I wasn’t really prepared for a foggy day in Hong Kong. The photo below is from somewhere on the Kowloon waterfront near Salisbury Garden looking across Victoria Harbour to the island.
Tag Archives: Water
I never got to see the bridging crews installing this lake bridging so I’ve no clue how they did it. I know in places the water was over six feet deep so they didn’t wade through it. Usually the foot boards were above the water but the level of the water depended upon the rains,…
We headed over to this patch of water to see three relatively young alligators – but my photos of them suck, to put it politely. However, I rather liked this view to the north. In the background to the left the rain is pouring down from a passing thunderstorm while the trailing edge of a different storm hangs overhead.
This clump of trees was the furthest point north and west that we went on this trip. My Captain turned opened the throttle and as we started to clear the trees I captured this view of the Francis S. Taylor Wildlife Management Area. This is a view east and if you look really closely you might find the airliner on it’s descent into Miami International Airport. I toyed with the idea of cloning it out but decided to leave it.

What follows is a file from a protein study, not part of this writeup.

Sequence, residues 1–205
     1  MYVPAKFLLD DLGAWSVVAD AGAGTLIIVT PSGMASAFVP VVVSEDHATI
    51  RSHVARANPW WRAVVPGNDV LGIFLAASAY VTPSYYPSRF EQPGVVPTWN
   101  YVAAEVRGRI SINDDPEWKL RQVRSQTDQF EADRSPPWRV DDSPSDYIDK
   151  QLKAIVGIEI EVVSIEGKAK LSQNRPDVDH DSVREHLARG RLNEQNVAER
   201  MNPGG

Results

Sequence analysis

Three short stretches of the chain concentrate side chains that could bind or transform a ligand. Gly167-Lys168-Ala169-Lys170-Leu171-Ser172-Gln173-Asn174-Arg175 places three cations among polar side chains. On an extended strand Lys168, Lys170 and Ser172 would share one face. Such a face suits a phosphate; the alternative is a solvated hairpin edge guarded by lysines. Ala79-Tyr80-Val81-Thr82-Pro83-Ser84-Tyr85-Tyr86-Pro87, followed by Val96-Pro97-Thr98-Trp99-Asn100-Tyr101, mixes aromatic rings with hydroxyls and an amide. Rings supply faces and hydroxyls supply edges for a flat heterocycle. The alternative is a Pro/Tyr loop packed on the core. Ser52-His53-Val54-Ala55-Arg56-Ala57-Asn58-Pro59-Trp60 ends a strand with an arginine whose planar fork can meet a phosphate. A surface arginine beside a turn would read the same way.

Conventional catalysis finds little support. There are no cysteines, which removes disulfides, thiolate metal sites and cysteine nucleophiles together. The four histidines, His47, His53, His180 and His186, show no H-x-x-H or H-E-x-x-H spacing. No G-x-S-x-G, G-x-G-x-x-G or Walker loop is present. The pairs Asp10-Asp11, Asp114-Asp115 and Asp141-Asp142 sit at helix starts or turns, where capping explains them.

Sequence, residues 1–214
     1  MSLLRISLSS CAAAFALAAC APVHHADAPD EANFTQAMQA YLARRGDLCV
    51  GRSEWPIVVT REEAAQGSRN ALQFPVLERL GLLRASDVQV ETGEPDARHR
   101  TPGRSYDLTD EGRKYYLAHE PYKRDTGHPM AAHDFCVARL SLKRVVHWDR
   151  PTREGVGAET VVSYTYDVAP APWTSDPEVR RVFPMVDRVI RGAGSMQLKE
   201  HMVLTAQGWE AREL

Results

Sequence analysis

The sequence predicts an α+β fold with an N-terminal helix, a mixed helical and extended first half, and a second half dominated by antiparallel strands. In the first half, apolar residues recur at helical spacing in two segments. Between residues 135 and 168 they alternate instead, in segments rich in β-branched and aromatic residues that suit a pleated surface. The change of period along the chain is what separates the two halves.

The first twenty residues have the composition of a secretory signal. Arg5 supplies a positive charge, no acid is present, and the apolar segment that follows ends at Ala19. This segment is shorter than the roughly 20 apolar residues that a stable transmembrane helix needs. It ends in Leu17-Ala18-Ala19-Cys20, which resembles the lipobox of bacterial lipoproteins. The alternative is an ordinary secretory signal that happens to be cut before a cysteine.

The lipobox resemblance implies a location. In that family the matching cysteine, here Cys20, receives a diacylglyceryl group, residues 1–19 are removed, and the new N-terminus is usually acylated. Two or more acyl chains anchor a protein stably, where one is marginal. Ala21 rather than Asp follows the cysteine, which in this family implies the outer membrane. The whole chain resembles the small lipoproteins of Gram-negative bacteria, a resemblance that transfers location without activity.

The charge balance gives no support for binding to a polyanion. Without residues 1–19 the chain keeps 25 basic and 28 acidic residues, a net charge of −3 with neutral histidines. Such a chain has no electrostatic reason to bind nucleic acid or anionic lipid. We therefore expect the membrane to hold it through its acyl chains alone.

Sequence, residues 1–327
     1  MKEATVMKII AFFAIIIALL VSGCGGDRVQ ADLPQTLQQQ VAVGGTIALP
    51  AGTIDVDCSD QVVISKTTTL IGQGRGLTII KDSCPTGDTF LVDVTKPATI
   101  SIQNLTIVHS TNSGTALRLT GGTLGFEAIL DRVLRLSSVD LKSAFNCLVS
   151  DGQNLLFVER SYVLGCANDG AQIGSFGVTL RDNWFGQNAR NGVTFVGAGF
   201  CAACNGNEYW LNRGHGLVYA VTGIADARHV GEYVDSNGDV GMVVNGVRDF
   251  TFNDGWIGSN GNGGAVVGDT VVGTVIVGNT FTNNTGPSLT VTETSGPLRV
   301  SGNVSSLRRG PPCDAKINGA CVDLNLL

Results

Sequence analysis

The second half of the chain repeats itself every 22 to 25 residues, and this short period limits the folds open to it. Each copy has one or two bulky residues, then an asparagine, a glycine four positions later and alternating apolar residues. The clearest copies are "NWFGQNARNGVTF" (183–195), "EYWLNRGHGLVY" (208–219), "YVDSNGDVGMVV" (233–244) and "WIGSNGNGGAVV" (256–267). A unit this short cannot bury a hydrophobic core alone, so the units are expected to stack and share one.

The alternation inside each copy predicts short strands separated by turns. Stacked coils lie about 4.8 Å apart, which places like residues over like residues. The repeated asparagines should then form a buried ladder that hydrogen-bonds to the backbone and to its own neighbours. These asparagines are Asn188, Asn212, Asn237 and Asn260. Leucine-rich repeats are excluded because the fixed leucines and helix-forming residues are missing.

This overhang in the limestone rack face was a significant swift nesting site. Out of harvesting season, there was no one working on this day. Bird’s nest harvesting is a regulated industry and there were signs above the jetty here warning trespassers off. All the bamboo poles you can see here are used by the harvesters to reach the rock ceiling where the swifts build their nests.
The ferry also stops by some of the local attractions on it’s way into the islands. Here it’s pulling up to the limestone cliffs so the passengers can see some caves where locals gather swift nests for birds nest soup. Quite why a soup made from bird spit is so sought after I don’t know. I’ve never tasted it myself. But I’m left wondering…
Having photographed the fishing boats tied up in Ton Sai Bay I walked back across the isthmus to Loh Dalam Bay and took this shot. The sun is on it’s way down – certainly within and hour of sunset. The boat on the left is the same boat I photographed earlier that day from the lookout point in my photo Loh Dalam Refractions.
Taken from the lookout on the eastern part of the island, the ship is beached on the sandy isthmus that joins the two parts of the island. The water here was really shallow – the two people on the right of the image are actually sitting down at this point, not standing. The varying depths of the water and the light ripples of the breeze driven waves are refracting the sunlight to give the rainbow effect of this image.